Advice For A Wannabe Artist

Hey all,

I have seen such amazing DC artwork from all of you on these threads so I figured you could give me some pointers! I just started learning how to draw. I am taking a basic fundamentals course but I want to know your tips and tricks for getting started. Have any example tips of how you drew some of your favorite DC characters? What characters are great for a practicing beginner? Any and all advice is super appreciated!

Also keep those amazing and inspirational art posts coming! Special shoutouts to @biggedy , @Mickid0824.26654 , @jdebottis.93473 , and @KeyFamily for their recent posts that have really made me want to get drawing!

2 Likes

Thank you so much for the shout-out, @DukeGaga311! What a nice surprise to see this morning! I have 3 major tips for you (along with a dash of luck and a pinch of good vibes):

  1. Passion drives art!
    Draw/paint/mold what you love. Just as they say to write what you know, it goes the same with art. Use whatever drives you to drive your project. You’ll find that the hours of working will fly by because you’re getting it just right for you - the way that you envision.

  2. Practice makes progress!
    Don’t be hard on yourself. Take your time and work through each draft knowing that eventually it will turn out exactly as you want. You have to start somewhere and the art is molded and shaped as you go along, not from the very start. (Also, it can be so difficult getting what’s in your head to translate outside of your head. That goes for everyone.)

  3. Be inspired!
    Use others’ work as inspiration to craft your own style. I’ve heard it said that “copying” another artist’s work is bad but I don’t believe that to be the case. It’s not likely that you are creating the exact same thing and even then - it’s not the exact same thing! Here is a quote from The Watercolor Artist’s Bible (highly recommended if you’re interested in painting): “…looking at other people’s work is an essential part of any artist’s learning curve, and you may find that it helps you toward establishing your own style and becoming confident in handling the medium.” When I need inspiration, I hit the books.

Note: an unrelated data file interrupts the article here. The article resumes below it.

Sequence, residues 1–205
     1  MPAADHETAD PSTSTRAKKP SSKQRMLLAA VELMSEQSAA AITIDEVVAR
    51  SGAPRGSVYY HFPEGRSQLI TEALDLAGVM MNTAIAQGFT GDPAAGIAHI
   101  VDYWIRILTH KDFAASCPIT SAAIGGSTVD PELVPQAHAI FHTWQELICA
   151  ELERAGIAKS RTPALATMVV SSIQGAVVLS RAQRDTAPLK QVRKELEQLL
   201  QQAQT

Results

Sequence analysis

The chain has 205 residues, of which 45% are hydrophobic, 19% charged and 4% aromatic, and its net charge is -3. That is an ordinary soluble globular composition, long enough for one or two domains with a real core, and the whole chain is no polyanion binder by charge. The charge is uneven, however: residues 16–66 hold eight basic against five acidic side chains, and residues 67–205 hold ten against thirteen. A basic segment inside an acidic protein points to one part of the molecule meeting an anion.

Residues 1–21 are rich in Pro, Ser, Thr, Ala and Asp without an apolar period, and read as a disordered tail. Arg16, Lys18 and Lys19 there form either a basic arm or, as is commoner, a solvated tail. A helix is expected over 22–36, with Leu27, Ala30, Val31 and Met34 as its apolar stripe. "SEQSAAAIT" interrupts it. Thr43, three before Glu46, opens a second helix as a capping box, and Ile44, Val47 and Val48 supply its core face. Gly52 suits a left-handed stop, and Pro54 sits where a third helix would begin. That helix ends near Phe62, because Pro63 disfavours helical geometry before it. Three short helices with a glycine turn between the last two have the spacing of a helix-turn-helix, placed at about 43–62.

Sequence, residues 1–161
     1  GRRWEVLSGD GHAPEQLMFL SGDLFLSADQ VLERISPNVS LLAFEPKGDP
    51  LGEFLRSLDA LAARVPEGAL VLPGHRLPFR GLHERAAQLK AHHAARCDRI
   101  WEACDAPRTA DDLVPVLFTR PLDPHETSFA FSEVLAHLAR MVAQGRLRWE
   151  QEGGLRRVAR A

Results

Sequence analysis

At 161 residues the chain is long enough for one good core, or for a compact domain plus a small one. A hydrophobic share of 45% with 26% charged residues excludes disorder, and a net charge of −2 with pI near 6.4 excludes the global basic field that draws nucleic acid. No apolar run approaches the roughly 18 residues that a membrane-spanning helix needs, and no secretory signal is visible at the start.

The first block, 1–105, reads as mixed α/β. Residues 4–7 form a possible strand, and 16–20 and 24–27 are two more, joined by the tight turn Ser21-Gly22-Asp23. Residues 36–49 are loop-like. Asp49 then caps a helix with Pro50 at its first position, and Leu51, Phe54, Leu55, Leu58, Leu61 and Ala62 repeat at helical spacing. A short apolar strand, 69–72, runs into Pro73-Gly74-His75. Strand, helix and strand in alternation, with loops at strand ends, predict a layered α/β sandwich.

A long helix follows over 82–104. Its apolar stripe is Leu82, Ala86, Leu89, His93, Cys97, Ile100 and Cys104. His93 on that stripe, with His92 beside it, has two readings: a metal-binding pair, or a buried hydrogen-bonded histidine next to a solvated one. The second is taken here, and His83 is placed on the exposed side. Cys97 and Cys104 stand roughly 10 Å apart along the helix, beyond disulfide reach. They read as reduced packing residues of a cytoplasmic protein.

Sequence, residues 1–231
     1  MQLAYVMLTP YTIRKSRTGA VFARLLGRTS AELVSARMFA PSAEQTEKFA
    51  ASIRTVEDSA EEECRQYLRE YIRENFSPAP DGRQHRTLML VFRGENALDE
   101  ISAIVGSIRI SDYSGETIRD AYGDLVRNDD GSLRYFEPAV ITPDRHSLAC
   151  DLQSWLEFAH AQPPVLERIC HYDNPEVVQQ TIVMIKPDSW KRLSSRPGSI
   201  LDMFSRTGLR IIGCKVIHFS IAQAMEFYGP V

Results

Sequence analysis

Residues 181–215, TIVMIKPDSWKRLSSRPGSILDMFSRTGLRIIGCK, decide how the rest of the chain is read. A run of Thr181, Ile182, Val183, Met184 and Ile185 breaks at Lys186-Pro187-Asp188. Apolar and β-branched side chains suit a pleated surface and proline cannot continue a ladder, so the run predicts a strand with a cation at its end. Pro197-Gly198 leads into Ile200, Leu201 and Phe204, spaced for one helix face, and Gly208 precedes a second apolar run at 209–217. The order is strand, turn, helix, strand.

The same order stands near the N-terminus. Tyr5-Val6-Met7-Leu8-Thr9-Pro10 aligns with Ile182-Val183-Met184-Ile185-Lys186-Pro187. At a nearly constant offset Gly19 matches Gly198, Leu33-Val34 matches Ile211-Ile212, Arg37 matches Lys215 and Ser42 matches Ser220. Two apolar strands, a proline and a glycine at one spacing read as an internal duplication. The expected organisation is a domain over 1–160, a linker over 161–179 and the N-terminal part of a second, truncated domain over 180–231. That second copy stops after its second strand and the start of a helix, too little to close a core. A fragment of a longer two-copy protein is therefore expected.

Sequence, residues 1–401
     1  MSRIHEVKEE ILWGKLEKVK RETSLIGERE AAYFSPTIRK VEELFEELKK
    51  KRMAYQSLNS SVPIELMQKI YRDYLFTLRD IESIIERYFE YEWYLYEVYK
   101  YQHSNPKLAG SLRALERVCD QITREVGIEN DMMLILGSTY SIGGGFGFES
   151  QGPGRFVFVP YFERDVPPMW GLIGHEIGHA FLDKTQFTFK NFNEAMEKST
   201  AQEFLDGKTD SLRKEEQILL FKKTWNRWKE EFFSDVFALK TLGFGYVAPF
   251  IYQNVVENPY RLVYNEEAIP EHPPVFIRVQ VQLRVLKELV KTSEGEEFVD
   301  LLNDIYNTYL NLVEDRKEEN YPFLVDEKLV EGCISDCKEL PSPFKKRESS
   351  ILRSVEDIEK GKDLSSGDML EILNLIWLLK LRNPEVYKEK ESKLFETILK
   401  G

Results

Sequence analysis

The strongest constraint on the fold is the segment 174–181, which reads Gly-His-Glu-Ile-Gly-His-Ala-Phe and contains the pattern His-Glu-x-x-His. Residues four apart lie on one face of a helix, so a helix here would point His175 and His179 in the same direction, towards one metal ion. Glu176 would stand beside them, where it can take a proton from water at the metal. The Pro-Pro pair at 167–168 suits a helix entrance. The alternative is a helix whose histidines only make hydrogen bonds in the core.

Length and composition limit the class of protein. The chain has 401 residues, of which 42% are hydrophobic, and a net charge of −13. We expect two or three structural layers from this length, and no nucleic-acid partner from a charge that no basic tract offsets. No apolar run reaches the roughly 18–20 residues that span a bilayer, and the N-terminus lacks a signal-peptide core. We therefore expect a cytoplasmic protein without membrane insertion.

I look forward to seeing your upcoming Fan Creations!

6 Likes

Thanks so much for the response! It’s good to know that just practicing and attempting to draw things you enjoy can make you better. Just the idea that you grab a pencil and try to draw something like Harley Quinn or Batman can improve your skills even if they barely look like the characters :sweat_smile:. Definitely helps me just relax and enjoy creating rather than imaging there is someone looking over my shoulder saying “Boo!” :joy:

1 Like

You are most welcome, @DukeGaga311!

It’s good to know that just practicing and attempting to draw things you enjoy can make you better. Just the idea that you grab a pencil and try to draw something like Harley Quinn or Batman can improve your skills even if they barely look like the characters :sweat_smile:. Definitely helps me just relax and enjoy creating rather than imaging there is someone looking over my shoulder saying “Boo!” :joy:

Exactly! If you really love creating, it will come together in time. Push yourself and work on your skills. Talk to other artists and be curious!

Here’s an example session of my practicing a basic Batman… repetition! :wink:

That’s just a “flat” design of a character. If you want to see a real master at work, check out this video of Jim Lee drawing The Dark Knight. It will change your life.

https://youtu.be/xQtvstrkPU0

4 Likes

That video was epic. Your photo really helped put things into perspective. I only see what the artist wants me to see, never the endless tries before nailing it. Even Jim Lee said “I can do this now from 0 to 60” but he didn’t start that way. Super cool

2 Likes